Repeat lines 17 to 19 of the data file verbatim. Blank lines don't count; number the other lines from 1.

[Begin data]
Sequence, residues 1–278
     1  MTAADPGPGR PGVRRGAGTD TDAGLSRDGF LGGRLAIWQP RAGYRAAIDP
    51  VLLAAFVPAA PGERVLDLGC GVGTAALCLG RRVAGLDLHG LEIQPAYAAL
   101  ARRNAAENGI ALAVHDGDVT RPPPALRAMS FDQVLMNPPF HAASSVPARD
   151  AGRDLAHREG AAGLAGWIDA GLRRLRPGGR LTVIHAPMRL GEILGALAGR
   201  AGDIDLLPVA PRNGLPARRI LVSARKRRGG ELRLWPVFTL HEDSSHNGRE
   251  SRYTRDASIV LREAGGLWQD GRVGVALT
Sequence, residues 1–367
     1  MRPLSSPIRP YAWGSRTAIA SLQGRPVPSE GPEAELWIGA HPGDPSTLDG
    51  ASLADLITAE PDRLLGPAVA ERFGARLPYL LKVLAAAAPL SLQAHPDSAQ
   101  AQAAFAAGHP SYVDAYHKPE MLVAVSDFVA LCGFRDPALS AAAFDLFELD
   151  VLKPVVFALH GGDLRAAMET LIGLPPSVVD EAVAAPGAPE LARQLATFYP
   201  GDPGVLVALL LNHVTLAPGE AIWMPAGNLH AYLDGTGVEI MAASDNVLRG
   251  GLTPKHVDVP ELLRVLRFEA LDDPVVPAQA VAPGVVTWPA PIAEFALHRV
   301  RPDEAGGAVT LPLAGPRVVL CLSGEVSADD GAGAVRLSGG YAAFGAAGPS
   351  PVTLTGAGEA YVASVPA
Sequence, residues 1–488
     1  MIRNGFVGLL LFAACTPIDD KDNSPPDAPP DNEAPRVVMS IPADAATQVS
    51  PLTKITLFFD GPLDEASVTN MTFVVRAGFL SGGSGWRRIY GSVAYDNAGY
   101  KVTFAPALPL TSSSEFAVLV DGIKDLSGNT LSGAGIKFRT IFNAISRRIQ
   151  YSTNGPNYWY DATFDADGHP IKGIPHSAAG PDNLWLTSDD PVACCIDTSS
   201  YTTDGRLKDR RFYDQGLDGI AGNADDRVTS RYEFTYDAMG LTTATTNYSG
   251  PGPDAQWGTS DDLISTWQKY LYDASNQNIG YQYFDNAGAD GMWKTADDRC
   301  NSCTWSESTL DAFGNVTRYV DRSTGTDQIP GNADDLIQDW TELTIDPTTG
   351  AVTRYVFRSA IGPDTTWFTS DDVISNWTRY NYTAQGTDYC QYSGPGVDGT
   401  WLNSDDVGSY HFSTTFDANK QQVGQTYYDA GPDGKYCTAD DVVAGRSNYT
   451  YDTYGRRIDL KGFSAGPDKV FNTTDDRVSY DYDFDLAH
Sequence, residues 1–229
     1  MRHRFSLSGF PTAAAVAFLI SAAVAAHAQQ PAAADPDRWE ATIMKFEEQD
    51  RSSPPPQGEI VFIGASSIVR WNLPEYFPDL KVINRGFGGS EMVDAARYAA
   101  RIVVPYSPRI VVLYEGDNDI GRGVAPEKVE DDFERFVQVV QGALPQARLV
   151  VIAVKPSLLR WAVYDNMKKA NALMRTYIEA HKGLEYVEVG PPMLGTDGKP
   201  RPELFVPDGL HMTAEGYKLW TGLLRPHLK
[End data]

Sequence, residues 1–488
     1  MIRNGFVGLL LFAACTPIDD KDNSPPDAPP DNEAPRVVMS IPADAATQVS
    51  PLTKITLFFD GPLDEASVTN MTFVVRAGFL SGGSGWRRIY GSVAYDNAGY